If you remember, a friend suggested that I go through the various regions of India as a "set" of themes. A fabulous idea, Indian food is really diverse, each region makes use of different ingredients from spices to vegetables and proteins. This time we land in the west Indian state of Gujarat. Gujarati cuisine is heavily vegetarian based focusing on complex flavor profiles of being sweet, sour, and spicy (often all at the same time).
I realize I said that the majority of the dishes from Gujarat is vegetarian, but I usually get feedback that the bento tends to be less "satisfying" when I produce an all vegetarian bento. So after a little searching I did find a nice looking dish. My first dish is Achari Murgh, which is a braised chicken in pickling spices. The list of spices were pretty epic weighing in on eight with one spice completely foreign to me (and not quite easy to find). Nigella seed, also known as black onion seed, I don't know how to describe it, it's kinda of bitter. Anyhow, I managed to find a bit of it. The dish itself is very fragrant, my house still smells like Indian curry. I went with cutting up skinless boneless chicken breast and thigh even though it called for whole chicken pieces (whole pieces don't fit the bento box very well.) I've noticed from the recipes that I looked into all have a "thin" gravy as compared to the Punjabi bento which I attribute to the greater use of dairy in the northern state compared to Gujarati cuisine.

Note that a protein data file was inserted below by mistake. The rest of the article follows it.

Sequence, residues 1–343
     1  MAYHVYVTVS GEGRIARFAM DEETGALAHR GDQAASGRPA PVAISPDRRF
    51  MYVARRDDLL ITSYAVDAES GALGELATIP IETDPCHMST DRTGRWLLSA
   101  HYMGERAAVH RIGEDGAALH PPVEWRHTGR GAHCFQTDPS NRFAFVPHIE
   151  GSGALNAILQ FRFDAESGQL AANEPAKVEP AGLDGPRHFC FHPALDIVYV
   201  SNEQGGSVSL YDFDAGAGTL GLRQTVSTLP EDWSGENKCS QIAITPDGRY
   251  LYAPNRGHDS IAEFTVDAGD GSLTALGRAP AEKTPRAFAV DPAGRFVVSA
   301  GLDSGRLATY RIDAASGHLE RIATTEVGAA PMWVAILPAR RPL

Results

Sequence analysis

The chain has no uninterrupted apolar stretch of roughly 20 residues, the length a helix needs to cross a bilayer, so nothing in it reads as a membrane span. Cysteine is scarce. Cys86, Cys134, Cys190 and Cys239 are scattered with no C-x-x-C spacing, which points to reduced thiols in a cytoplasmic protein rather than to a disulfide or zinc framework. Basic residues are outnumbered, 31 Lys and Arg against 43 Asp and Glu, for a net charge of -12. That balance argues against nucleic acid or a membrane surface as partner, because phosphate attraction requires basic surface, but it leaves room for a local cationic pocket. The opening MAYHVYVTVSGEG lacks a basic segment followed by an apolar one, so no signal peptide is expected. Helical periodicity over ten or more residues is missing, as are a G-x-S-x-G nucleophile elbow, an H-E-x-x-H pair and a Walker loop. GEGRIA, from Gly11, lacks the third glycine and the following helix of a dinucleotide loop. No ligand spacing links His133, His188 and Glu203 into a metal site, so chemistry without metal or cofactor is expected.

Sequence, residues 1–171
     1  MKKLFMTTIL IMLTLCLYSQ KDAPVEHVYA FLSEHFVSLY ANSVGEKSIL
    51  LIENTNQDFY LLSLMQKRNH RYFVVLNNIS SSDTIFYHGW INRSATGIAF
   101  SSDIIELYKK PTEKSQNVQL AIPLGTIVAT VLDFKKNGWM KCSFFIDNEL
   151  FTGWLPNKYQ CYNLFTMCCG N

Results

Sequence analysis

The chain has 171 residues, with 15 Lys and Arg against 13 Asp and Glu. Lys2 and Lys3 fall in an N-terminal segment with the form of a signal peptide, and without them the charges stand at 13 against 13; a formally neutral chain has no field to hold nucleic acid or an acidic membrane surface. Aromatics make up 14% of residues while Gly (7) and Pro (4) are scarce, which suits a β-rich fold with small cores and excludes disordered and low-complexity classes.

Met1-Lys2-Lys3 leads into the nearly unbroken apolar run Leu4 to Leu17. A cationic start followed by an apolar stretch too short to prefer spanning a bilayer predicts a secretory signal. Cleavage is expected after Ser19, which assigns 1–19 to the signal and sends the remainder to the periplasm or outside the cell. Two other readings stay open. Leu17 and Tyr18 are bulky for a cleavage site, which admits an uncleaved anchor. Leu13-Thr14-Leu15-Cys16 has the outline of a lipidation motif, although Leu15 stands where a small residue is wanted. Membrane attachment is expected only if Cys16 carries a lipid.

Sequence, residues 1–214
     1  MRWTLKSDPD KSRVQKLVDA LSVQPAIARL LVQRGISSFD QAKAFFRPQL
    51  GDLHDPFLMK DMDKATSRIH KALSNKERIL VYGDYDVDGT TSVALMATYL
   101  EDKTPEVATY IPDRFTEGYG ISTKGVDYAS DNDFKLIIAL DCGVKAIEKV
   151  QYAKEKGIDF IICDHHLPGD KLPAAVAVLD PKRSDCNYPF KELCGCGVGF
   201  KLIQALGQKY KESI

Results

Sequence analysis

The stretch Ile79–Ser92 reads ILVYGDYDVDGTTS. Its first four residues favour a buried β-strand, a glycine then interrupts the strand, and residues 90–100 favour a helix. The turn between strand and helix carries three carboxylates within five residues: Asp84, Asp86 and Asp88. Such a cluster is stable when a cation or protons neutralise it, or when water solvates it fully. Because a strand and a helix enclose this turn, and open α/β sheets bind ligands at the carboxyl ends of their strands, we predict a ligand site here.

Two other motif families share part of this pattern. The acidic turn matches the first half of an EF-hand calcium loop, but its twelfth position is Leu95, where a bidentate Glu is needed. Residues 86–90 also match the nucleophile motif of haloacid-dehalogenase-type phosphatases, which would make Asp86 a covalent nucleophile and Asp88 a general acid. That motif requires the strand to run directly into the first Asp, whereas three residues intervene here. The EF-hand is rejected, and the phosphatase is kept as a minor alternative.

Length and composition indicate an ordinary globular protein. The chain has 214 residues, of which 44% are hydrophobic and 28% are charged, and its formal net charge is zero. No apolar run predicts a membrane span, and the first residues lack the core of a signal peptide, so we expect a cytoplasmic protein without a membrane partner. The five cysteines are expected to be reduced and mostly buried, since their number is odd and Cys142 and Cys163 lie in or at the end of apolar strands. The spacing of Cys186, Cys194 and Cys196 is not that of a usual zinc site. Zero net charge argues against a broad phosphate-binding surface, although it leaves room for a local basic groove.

The second dish is Ringan Bateta Nu Shak: Eggplant and Potato curry. This is a very popular and traditional dish. The potatoes and eggplant are cooked in a tomato based "gravy". I think I over cooked the eggplant, I should have par cooked the potatoes before adding in the eggplant. This dish is traditionally served with Roti. My friend, the mastermind behind this theme was kind enough to hand make me a batch of Roti to go with the dish. Although a bit mushy on the eggplant side it was still a very flavorful dish and despite being visually similar to the Achari Murgh the flavors were very distinct.
Finally dessert is a cardamom and saffron greek yogurt called Shrik Hand. This turned out to be very popular with everyone. The flavor reminds me of Kheer, an Indian rice pudding. The saffron added a nice color and a very subtle background flavor scent addition (much like how rose water plays into Kheer)
I'm still doing more research into my next Indian state maybe something down South where there's a greater use of seafood. I'll have to consult my friend. Stay tuned!
- Achari Murgh
- Ringan Bateta Nu Shak
- Shrik Hand
- Basmati Rice